Originally signed to set up incumbent closer Joakim Soria, Broxton was pushed into the role of closer when Soria was lost for the season with the second Tommy John surgery of his career.
Since blowing his second save of the season against the Baltimore Orioles on May 16, Broxton has been at the top of his game. He has not allowed a run over his past eight appearances, scattering five hits over eight innings of work while converting each of his six save opportunities.
With the Royals 10 games under .500 and eight games out of a playoff berth, Broxton could find himself on the move at the end of July if things don't turn around in Kansas City.
Whether he stays a Royal or not, when you consider that there are a number of higher-profile closers who are making far more than Broxton for less production, there's no disputing that this was one of the better signings of the winter.
9. Kevin Millwood Signs with the Seattle Mariners
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The Deal: One year/$1 million
2012 Stats: 12 GS, 3-5, 3.57 ERA, 1.29 WHIP, 6.62 K/9, 6 QS
Originally signed to a minor league contract, 37-year-old Kevin Millwood has arguably been the Mariners' best starting pitcher after Felix Hernandez in 2012.
In his last start, he threw six innings of no-hit ball against the Los Angeles Dodgers before leaving the game with a groin injury, but five Mariners relievers kept the no-no going, making Millwood the latest starting pitcher to get a no-decision in baseball's most recent combined no-hitter.
8. Wei-Yin Chen Signs with the Baltimore Orioles
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The Deal: Three years/$11.388 million ($4.75 million team option for 2015, $372,000 buyout)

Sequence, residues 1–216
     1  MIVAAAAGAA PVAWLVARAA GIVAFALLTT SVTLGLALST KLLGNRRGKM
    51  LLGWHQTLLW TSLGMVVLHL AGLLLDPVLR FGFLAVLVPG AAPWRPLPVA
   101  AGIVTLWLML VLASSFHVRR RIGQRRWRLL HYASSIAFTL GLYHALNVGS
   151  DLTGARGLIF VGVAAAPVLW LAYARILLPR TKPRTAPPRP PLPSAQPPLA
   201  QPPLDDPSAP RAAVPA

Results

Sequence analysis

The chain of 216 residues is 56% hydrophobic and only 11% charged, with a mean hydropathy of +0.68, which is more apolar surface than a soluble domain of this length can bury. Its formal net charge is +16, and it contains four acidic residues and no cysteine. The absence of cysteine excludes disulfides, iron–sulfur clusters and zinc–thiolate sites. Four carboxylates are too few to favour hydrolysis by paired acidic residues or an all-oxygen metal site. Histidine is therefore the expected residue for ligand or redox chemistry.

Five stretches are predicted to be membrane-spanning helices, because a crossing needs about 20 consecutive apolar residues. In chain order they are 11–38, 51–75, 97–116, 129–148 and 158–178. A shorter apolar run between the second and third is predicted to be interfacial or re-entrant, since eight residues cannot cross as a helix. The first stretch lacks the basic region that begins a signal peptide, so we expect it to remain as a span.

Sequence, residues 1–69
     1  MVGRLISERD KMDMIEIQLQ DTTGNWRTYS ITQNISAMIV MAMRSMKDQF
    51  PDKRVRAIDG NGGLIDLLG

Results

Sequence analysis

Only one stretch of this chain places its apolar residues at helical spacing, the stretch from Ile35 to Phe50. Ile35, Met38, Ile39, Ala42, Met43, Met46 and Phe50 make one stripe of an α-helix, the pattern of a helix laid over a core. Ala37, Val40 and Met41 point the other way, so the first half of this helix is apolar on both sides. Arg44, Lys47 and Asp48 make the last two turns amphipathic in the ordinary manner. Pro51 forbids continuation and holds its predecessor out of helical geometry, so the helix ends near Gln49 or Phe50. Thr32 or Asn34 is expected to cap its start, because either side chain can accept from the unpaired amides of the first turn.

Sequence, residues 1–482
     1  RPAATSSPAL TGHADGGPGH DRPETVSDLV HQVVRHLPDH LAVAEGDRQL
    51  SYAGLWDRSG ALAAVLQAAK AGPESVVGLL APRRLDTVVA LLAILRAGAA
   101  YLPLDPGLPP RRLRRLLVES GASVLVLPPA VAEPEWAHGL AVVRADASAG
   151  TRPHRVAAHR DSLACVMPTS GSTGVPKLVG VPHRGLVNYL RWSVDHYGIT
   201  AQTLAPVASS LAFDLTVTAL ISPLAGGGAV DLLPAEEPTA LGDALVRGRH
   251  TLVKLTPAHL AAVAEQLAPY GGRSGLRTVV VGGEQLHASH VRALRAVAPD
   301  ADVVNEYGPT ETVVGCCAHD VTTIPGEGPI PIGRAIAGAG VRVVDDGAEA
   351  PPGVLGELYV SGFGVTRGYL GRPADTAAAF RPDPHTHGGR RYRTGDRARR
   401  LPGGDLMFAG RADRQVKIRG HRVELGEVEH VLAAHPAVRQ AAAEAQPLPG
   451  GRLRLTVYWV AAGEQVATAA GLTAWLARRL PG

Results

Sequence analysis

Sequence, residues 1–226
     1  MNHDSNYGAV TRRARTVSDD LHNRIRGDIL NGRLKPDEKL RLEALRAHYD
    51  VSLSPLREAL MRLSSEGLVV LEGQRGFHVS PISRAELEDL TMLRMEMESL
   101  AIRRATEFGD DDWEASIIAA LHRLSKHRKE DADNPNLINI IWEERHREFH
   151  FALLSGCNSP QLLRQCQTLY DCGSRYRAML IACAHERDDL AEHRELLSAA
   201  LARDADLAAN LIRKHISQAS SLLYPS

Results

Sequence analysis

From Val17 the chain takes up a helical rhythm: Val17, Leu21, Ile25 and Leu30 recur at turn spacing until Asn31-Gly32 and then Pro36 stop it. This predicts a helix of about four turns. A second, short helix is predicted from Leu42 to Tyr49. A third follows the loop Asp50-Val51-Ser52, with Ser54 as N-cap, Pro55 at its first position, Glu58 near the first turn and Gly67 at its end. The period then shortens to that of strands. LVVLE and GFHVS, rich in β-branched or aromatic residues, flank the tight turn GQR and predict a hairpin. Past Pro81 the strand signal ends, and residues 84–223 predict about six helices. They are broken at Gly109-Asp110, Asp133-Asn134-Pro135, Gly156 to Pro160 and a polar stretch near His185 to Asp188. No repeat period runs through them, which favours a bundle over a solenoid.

2012 Stats: 11 GS, 5-2, 3.49 ERA, 1.30 WHIP, 6.85 K/9, 6 QS
For a team that needed an injection of quality starting pitchers, 26-year-old Wei-Yin Chen has been a solid addition for the Baltimore Orioles.
He's been shaky of late, allowing five or more earned runs in two of his last four starts, accounting for his two losses on the season.
To his credit, Chen has followed up each of his poor starts with a strong one, most recently holding the Boston Red Sox to one run on seven hits over seven innings of work last Wednesday.
While Asian pitchers don't have a great track record in the majors, so far Chen looks like a keeper for the Orioles.
7. Cody Ross Signs with the Boston Red Sox
The Deal: One year/$3 million
2012 Stats: 37 G, .271/.349/.534, 8 HR, 28 RBI, 24 R
Originally expected to platoon with Ryan Sweeney in left field, injuries to Boston's outfield forced the duo into daily playing time, with Ross seeing action at all three outfield positions.
While he's been out of action since mid-May with a small fracture in his left foot, Ross's eight home runs place him third on the team, and his 28 RBI rank fifth.
6. Luis Ayala Signs with the Baltimore Orioles
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The Deal: One year/$925,000 ($1 million team option in 2013 or $100,000 buyout)
2012 Stats: 25 G, 2-1, 1.93 ERA, 1.07 WHIP, 5.46 K/9, 6 Holds, 1-of-2 SV
Who has had the best bullpen in baseball over the first 10 weeks of the season?
The Baltimore Orioles, that's who, and Luis Ayala has played a large role in their success.
Ayala, 34, received only minimal interest this past offseason after posting a 2.09 ERA and 1.27 WHIP over 56 innings of relief in 52 games for the New York Yankees in 2011.
To put into perspective how good the Orioles bullpen has been, Ayala's 1.93 ERA ranks fifth among Orioles relievers.
Ayala cost the Orioles virtually nothing, and with a team-friendly option for 2013, his signing becomes only that much more of a steal.
5. Andy Pettitte Signs with the New York Yankees
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The Deal: One year/$2.5 million
2012 Stats: 6 GS, 3-2, 2.81 ERA, 1.03 WHIP, 8.64 K/9, 4 QS
It's amazing what a year away from the game can do for someone.